Sir Arthur Stanley Eddington was an English astronomer, physicist, and mathematician of the early 20th century who devised a measure of a cyclist’s long-distance riding achievements. The Eddington number in the context of cycling is defined as the maximum number E such that the cyclist has cycled E miles on E days. For example, an Eddington number of 70 would imply that the cyclist has cycled at least 70 miles in a day on 70 occasions. [learn more]
Strictly speaking, the Eddington Number is based on miles, but some people like to calculate it in terms of kilometers, time, or climbing.
My Eddington Number(s), as of the end of 2018, are:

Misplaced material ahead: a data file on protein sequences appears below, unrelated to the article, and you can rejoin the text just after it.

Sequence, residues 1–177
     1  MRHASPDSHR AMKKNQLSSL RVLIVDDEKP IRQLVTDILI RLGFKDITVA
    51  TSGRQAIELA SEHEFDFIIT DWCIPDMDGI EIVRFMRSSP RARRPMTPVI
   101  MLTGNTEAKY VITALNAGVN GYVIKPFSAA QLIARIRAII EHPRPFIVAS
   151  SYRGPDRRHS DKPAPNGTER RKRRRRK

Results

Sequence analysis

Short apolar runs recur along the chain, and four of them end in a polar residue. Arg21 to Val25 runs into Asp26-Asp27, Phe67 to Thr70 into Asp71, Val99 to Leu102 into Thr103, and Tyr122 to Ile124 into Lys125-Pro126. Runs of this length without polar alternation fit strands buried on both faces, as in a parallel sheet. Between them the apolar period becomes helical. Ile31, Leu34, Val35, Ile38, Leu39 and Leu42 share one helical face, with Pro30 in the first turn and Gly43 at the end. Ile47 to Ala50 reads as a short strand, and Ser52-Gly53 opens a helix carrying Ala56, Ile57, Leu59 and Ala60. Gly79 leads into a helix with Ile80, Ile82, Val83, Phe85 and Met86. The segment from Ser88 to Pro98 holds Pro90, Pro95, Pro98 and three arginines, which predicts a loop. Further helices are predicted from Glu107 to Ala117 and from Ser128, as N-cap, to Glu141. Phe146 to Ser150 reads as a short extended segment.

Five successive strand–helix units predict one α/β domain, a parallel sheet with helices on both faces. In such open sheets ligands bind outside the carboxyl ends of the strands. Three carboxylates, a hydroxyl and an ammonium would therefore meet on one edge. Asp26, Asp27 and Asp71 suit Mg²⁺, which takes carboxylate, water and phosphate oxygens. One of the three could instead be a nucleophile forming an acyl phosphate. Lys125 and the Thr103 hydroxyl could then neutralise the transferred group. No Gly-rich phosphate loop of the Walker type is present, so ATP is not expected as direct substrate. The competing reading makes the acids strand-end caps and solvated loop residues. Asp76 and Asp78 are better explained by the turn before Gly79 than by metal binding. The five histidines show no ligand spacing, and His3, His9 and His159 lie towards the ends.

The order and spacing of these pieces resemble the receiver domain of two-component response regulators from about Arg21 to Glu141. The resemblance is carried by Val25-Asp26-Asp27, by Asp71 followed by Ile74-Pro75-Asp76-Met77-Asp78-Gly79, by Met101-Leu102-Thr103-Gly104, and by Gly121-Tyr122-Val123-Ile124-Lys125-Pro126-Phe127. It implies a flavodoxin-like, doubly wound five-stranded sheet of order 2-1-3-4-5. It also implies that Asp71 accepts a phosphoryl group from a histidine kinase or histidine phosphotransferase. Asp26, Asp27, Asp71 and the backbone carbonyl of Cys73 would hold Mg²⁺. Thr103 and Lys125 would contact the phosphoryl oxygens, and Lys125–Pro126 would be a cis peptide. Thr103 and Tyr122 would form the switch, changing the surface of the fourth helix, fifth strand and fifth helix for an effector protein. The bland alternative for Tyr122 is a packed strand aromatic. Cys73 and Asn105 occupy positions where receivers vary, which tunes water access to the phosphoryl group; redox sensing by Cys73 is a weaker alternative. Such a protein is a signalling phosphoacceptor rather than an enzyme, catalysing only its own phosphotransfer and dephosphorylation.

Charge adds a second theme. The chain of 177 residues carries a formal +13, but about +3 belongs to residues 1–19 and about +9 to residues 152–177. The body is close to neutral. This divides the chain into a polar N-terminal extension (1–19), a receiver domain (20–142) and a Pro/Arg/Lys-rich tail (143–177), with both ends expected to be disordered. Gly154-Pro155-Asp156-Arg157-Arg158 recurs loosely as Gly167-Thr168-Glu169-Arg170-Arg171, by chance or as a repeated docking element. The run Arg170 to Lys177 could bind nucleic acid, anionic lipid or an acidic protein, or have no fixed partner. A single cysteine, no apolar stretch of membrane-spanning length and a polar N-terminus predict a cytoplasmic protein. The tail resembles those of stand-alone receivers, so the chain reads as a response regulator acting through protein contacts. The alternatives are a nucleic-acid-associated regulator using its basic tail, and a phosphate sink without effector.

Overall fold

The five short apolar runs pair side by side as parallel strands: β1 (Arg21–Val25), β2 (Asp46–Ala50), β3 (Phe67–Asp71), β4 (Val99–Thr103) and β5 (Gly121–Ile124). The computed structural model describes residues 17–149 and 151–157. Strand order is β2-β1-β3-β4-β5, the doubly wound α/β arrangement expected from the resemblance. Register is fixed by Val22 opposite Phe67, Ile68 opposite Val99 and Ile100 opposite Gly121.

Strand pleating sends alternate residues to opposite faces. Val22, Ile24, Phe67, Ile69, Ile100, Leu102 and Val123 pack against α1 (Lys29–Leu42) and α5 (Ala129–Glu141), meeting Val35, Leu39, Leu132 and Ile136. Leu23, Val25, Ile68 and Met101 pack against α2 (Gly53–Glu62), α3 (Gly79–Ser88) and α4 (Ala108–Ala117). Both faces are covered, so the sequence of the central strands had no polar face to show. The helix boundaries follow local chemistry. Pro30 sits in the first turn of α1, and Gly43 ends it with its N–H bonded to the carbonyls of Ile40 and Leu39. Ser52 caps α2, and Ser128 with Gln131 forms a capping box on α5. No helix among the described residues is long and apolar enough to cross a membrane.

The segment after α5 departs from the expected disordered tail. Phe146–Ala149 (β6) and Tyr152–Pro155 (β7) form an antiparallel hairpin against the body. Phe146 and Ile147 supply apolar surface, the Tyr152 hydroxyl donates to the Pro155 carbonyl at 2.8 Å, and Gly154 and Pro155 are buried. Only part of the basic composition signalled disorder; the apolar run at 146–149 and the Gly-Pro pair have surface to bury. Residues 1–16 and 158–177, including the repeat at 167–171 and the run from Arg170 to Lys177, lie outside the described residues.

- Eddington Miles: 72
- Eddington Kilometers: 108km
- Eddington Time: 249 minutes
Here are some places that will help you calculate your own Eddington Number:
Most of these sites can, with your permission, pull in your Strava data and calculate the numbers for you in a few seconds. Or you can pore through your spreadsheet data and calculate it manually (have fun!).
The goal, of course, is to increase your E-number(s) over time.
You can also calculate your E-number(s) on a per-year basis, which is an interesting way to quantify your annual cycling, over and above distance and time.